duty here", he wrote, "serving against bushwhackers; it brings me in
contact with too many citizens, -and sometimes with mothers and
children." On one occasion a young Ranger was captured and his
mother came pleading for the boys release. Though Vienna was a
pro-Union town other nearby communities expressed contempt and
hatred toward Lowell and his men, always making a show of slamming
doors and letting down window shades as they passed. Lowell detested
the work but he was very good at it, prompting Mosby to later write,
"I have often said, that of all the Federal commanders opposed to
me, I had the highest respect for Colonel Lowell, both as an officer
and a gentleman."
Lowell got the upper hand on Mosby in August when a detachment of
his men was surprised by the Rangers but managed to put a pair of
bullets into the rebel leader's side. Out of action for nearly two
months, Mosby's absence allowed his adversary to concentrate on
other guerilla forces that prowled the area. "The Comanches", as the
35th Battalion of Virginia cavalry were known, were a frequent
nuisance under their commander Lt. Col. Elijah White. Never a threat
on the level of Mosby, White and his men were a bit of a discipline
problem and were frequently attached to the Army of Northern
Virginia. By Fall Mosby was healed and all was as it was before.
Things were well enough in hand during the Fall to allow Charles to
take leave and marry his fiancé Josephine Shaw. The sister of the
martyred Col. Robert Gould Shaw of the 54th Massachusetts Infantry,
Josephine, or Effie, was the perfect match for Charlie Lowell. An
attractive, slender young woman of 19, Josephine had been educated
in Paris and Rome, where, like Charlie, she gained a deep love for
literature and history. Casual friends since childhood, they fell
deeply in love after his return from Antietam and wrote each other
nearly every day.
Returning to camp in November, Lowell changed tactics and caught
Mosby's men off guard. Sending out a mounted detachment of 25 men
that followed the roads and lanes by day, it was shadowed by 75
dismounted troopers who kept to the shelter of the woods, making
most of their movements by night. Led by a local Union sympathizer,
the force swept up two dozen of Mosby's men. Within days the Rangers
adapted and Lowell returned to the standard procedure of patrolling
A new assignment came in February of 1864 when Col. Lowell was
detached for temporary duty at the Cavalry Bureau in Washington and
tasked with organizing the supply system at the Giesboro Point
depot. The depot, located just across the Eastern Branch of the
Potomac from Washington, supplied the remounts for all of the
eastern armies and was an administrative nightmare. To bring order
to chaos, newly appointed Bureau chief Brig. Gen. James H. Wilson,
brought in Lowell to straighten out the depot which was floundering
without a head. Charles threw himself whole heartedly into the new
duty, efficiently overhauling the system that processed over 20,000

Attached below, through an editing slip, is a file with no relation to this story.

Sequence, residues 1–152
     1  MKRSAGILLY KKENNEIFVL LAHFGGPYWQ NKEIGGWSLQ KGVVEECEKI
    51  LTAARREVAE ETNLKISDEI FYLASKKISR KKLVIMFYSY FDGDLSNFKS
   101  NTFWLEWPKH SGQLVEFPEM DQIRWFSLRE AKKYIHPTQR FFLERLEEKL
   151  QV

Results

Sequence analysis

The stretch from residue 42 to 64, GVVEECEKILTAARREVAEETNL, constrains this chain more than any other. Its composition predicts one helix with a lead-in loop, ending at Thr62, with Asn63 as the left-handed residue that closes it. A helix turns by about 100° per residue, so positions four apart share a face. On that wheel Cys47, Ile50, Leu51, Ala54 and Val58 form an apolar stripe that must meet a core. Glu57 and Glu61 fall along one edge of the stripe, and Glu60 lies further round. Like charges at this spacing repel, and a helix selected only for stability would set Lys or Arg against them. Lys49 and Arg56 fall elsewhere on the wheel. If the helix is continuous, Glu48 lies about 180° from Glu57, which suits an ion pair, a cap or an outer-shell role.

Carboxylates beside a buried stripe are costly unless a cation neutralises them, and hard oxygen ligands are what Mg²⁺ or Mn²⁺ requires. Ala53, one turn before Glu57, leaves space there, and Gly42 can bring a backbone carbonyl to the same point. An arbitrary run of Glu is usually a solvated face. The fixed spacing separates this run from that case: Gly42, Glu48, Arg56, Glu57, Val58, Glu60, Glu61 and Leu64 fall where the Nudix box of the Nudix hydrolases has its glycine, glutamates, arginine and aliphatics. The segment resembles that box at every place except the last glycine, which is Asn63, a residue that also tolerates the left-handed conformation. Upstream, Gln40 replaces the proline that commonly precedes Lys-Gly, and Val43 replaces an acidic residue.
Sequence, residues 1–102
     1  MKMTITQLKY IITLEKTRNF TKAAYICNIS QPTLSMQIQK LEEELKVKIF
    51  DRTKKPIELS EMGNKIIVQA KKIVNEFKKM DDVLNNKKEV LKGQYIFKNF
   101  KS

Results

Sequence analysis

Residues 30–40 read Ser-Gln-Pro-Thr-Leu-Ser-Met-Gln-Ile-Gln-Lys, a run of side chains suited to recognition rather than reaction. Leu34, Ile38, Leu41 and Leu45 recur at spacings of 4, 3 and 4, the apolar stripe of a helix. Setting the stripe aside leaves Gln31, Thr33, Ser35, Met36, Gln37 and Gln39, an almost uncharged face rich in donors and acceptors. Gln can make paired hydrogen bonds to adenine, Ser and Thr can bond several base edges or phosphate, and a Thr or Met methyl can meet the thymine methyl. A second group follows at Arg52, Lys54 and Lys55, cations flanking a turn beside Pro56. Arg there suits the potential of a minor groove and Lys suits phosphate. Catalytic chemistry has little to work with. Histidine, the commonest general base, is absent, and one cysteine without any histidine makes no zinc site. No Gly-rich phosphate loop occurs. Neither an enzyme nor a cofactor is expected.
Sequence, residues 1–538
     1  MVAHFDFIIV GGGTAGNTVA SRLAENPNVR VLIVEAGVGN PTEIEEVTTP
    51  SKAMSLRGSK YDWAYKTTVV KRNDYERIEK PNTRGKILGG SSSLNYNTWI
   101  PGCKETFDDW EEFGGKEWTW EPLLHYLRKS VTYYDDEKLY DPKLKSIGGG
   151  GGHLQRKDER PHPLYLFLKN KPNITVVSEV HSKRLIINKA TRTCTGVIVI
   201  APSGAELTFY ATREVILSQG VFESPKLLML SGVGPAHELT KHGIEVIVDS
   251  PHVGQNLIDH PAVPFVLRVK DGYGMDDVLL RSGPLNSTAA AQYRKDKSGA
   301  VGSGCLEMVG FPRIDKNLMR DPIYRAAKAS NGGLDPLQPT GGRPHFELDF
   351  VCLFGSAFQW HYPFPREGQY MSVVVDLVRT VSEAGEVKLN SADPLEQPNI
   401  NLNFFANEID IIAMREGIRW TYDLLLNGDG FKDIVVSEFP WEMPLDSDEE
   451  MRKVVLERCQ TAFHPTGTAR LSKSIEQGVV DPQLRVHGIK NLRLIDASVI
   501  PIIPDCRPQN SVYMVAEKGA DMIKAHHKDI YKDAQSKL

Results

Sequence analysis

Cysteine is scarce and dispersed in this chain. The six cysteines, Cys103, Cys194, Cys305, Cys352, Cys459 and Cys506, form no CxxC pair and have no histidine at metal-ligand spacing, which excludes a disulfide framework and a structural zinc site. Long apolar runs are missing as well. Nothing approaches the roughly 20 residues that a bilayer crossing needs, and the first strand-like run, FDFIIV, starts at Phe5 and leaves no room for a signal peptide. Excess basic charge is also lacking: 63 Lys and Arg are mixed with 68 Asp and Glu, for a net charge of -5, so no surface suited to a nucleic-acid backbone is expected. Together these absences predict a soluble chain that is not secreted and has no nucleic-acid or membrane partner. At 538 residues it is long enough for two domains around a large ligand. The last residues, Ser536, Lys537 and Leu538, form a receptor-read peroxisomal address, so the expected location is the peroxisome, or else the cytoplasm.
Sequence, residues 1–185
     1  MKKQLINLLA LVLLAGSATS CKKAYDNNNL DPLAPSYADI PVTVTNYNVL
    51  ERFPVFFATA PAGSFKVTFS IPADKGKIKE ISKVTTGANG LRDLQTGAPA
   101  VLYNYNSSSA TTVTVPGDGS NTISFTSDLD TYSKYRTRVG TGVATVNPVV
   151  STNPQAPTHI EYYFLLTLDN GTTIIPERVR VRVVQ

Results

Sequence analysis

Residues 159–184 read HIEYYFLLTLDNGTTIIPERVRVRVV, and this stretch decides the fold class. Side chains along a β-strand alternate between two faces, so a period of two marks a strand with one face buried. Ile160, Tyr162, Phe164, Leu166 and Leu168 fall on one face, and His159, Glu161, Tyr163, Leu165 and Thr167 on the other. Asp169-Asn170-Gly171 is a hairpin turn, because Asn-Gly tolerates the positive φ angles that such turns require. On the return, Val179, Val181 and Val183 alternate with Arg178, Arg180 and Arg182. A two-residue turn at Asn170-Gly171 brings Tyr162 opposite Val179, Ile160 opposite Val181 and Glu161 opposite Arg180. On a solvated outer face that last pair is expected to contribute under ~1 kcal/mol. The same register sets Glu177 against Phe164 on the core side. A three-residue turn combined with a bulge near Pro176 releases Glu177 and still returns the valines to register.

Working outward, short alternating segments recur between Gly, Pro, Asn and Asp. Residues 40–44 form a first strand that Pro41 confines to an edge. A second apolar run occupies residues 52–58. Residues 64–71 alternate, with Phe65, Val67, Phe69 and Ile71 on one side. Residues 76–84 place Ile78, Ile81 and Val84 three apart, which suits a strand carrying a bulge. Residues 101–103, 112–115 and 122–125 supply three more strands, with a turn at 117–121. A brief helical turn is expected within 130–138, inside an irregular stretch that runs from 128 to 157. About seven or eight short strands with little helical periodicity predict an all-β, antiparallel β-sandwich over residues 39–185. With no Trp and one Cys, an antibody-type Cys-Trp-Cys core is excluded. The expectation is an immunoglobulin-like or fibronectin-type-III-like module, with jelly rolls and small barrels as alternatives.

horses during his brief stay. By the end of March the depot was
running productively and Lowell was allowed to return to his brigade
During his absence disaster had struck when a 125 man detachment was
ambushed and routed by Mosby. 55 men were captured and 10 killed
including Capt. J. Sewall Reed, the popular commander of the
'California Hundred', whose idea to bring the men east had led to
the formation of the regiment. A similar misfortune occurred in July
when a 150 man patrol under Major William F. Forbes (the son of John
M. Forbes) was attacked and routed resulting in a dozen killed and
38 captured. This fight brought an end to Lowell's activities
against the guerrillas as he was soon called north into Maryland to
help in the defense of the Capitol against the approaching
Confederate army of Gen. Jubal Early.
Taking only his 2nd Massachusetts, Lowell gathered up fragments of
other regiments scattered around Washington and was the only unit
ready to pursue when Early's force was pushed back from the city
gates. Harassing the Southern rear guard while the Federal infantry
slowly began a pursuit, Lowell nearly met disaster in the streets of
Rockville. Tired of the cavalry dogging his heels, Early sent two
brigades to punish Lowell's force, striking at them during a halt in
the Maryland town. Massively outnumbered and with his own troops
clogging the street, unable to retreat or counterattack, Lowell had
to act quickly or face annihilation. Waving his hat, he shouted,
"Dismount! and let your horses go!" Unable to spare one man out of
four to hold the mounts, Lowell's order was immediately obeyed. "He
waited till the enemy came near, fired one volley at short range, -
it checked the rush; another, -it stopped it. then Lowell, on foot,
ran out before them, waving his hat, and they ran forward firing,
and the rout was averted."
Word of the scrappy little Colonel had gotten out and in early
August when Maj. General Phil Sheridan was appointed to command the
Army of the Shenandoah he asked for and received Lowell and his 2nd
Mass. Cav. Assigned to Brig. Gen. Wesley Merritt's First division,
Lowell was given command of the Third Brigade consisting of the 2nd
Mass, 14th and 22nd Penn, and the 1st Md. The days of chasing
bushwhackers were over, Lowell was once again part of an army,
confiding to Josephine, "It is exhilarating to see so many cavalry
about and to see things going right again.
For two weeks Lowell's brigade maneuvered with the army, fighting